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Childbirths and Breast Cancer Risk

Study Shows Full-Term Pregnancy Provides Some Protection
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WebMD Health News
Reviewed by Louise Chang, MD

April 20, 2006 -- Full-term pregnancypregnancy provides a similar level of protection against breast cancerbreast cancer to women who are genetically predisposed to develop the disease and those who are not, findings from a European study show.

For women who have a child, each additional full-term child that a woman with BRCA 1 and BRCA 2 genetic mutations carried reduced her breast cancercancer risk by 14%, researchers reported. This was limited to women over 40 years of age.

While significant, this risk reduction is small compared with other interventions available to women with BRCA mutations, researcher Douglas F. Easton, PhD, of Cambridge University says.

"These findings can best be used to help us better understand risk among women with BRCA mutations," Easton tells WebMD. "I do not think there are public health implications in terms of instructing at-risk women about reproductive issues."

Up to 80% Lifetime Risk

A woman who carries a BRCA mutation has a 65% to 80% chance of developing breast cancer during her lifetime.

While it is well recognized that childbirth protects against breast cancer in women without a genetic susceptibility to the disease, its impact on BRCA mutation carriers has been less clear.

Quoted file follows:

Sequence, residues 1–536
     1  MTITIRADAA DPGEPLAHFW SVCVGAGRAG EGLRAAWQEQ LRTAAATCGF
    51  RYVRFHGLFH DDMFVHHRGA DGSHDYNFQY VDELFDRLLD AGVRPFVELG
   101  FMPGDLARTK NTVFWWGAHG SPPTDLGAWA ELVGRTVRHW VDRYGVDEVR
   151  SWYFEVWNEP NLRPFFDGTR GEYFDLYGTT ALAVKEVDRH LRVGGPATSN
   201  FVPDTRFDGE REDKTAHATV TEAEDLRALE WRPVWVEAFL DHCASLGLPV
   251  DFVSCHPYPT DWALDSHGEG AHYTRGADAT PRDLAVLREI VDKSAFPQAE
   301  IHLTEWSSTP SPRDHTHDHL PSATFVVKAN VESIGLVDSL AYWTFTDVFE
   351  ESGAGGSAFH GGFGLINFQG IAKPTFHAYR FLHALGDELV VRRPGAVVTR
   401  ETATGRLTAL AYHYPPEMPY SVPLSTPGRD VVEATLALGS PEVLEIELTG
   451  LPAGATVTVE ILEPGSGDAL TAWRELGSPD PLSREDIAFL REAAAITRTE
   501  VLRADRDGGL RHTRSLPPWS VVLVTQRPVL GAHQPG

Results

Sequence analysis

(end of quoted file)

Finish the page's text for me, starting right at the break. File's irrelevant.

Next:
There has even been some suggestion that pregnancy increases breast cancer risk in women who are genetically predisposed to developing the disease.

In the normal-risk population, the number of children a woman has and the age at which she has them influence breast cancer risk. According to the National Cancer Institute, a woman who has her first child after the age of 35 has roughly twice the risk of developing breast cancer during her lifetime as a woman who gives birth before the age of 20.

In the new study, researcher Nadine Andrieu, of the Institut Curie in Paris, and colleagues wanted to find out if the same association held true for women with BRCA 1 and BRCA 2 mutations.

The researchers retrospectively reviewed interviews with 1,601 women with BRCA mutations enrolled in an international study. About half of the women had been diagnosed with breast cancer.

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